Unlike Arthur Miller, the playwright who ultimately eclipsed him, Odets chose to ‘name names’ in the House Un-American Activities Committee trials of the early 1950s, a decision he would bitterly regret. He died in 1963.
In his essay on Monroe in the book, Who the Hell’s in It, director Peter Bogdanovich recalled, ‘Clifford told me that Marilyn Monroe used to come over to his house and talk, but that the only times she seemed to him really comfortable were when she was with his two young children and their large poodle. She relaxed with them, felt no threat. With everyone else, Odets said, she seemed nervous, intimidated, frightened. When I repeated to Miller this remark about her with children and animals, he said, “Well, they didn’t sneer at her.'”
Soon after Monroe’s death, Odets wrote, ‘One night some short weeks ago, for the first time in her not always happy life, Marilyn Monroe’s soul sat down alone to a quiet supper from which it did not rise. If they tell you that she died of sleeping pills you must know that she died of a wasting grief, of a slow bleeding at the soul.’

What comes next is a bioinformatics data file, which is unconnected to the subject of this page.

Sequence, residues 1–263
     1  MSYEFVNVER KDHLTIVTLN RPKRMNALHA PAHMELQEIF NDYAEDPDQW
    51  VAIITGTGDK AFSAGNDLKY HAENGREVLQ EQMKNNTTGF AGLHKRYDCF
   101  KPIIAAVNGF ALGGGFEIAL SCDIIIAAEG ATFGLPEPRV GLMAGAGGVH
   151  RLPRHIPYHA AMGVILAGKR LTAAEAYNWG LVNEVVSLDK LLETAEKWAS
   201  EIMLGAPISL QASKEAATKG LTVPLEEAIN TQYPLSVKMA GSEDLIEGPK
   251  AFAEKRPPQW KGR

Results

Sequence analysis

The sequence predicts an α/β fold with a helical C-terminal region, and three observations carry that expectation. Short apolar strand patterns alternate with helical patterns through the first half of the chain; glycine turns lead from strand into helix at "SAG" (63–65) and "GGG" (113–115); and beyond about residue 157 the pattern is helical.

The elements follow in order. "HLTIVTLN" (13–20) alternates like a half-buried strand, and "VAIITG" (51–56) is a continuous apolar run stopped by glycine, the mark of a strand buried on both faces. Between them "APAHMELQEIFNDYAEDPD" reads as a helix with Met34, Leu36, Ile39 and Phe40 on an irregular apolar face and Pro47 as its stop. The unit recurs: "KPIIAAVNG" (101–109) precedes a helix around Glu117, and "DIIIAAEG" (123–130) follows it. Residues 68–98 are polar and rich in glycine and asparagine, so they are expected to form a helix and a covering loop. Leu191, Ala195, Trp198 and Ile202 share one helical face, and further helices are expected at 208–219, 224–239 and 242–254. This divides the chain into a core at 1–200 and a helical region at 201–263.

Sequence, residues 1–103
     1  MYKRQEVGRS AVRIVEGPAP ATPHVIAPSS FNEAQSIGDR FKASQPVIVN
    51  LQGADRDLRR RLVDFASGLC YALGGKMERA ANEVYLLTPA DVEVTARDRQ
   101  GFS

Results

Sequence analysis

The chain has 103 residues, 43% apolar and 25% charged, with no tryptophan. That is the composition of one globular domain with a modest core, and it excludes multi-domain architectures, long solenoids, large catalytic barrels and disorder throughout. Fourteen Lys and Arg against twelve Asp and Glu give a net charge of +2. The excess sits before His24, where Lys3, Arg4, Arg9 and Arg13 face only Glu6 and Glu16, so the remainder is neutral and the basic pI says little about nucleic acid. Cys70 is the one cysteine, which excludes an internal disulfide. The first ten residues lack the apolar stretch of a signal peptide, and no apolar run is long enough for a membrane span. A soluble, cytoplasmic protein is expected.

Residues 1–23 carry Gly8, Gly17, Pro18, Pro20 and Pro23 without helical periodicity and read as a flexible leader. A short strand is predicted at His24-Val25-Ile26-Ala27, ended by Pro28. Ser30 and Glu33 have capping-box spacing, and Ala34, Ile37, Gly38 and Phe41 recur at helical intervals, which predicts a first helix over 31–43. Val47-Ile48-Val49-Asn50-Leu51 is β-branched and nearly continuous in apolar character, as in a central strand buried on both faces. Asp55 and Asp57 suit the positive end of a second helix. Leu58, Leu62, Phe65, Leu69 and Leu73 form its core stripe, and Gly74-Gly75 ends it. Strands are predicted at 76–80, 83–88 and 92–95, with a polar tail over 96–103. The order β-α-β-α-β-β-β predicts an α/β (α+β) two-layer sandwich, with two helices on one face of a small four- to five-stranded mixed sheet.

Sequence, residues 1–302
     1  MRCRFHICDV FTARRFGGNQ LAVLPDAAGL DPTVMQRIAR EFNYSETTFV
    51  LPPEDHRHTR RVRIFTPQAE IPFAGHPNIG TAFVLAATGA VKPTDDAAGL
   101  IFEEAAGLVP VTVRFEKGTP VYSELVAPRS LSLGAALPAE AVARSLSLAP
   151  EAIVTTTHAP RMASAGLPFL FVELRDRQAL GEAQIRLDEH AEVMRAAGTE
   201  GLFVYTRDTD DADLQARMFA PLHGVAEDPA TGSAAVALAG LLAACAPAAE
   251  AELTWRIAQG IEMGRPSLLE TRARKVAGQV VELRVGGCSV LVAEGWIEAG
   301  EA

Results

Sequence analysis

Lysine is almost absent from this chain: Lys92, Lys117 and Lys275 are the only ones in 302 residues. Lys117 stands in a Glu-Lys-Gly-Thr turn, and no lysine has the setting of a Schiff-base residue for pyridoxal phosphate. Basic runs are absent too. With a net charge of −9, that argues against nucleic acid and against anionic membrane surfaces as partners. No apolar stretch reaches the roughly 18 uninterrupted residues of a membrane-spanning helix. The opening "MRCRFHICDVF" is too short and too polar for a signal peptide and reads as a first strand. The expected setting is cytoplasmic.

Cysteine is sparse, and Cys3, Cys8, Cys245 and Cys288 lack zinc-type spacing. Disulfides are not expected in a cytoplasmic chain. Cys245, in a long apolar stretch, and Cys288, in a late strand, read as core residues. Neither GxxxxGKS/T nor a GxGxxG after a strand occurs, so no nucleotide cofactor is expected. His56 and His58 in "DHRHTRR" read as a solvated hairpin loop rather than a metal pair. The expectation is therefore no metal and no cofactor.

One of Odets’ later plays, The Country Girl (filmed in 1954 with Grace Kelly) is currently being revived in London. Walt Odets has spoken to the Jewish Chronicle about his famous father and his memories, and mentioned, rather unfavourably, the marriage of Arthur Miller and Marilyn Monroe:
“The Strasberg version of the marriage was that Arthur treated Marilyn badly. So I grew up with bad feelings about Miller. I met Arthur a few times and he was a very hard, cold man. He was the kind of guy who doesn’t like children or dogs. And for a child that is immediately perceptible.”
are you the janitors wife
caught a Greyhound
Bus from Monterey to Salinas. On the
Bus I was the person
woman with about
sixty Italian fishermen
and I’ve never met
sixty such charming gentlemen—they
were wonderful. Some
company was sending them
downstate where their boats
and (they hoped) fish were
waiting for them. Some
could hardly speak english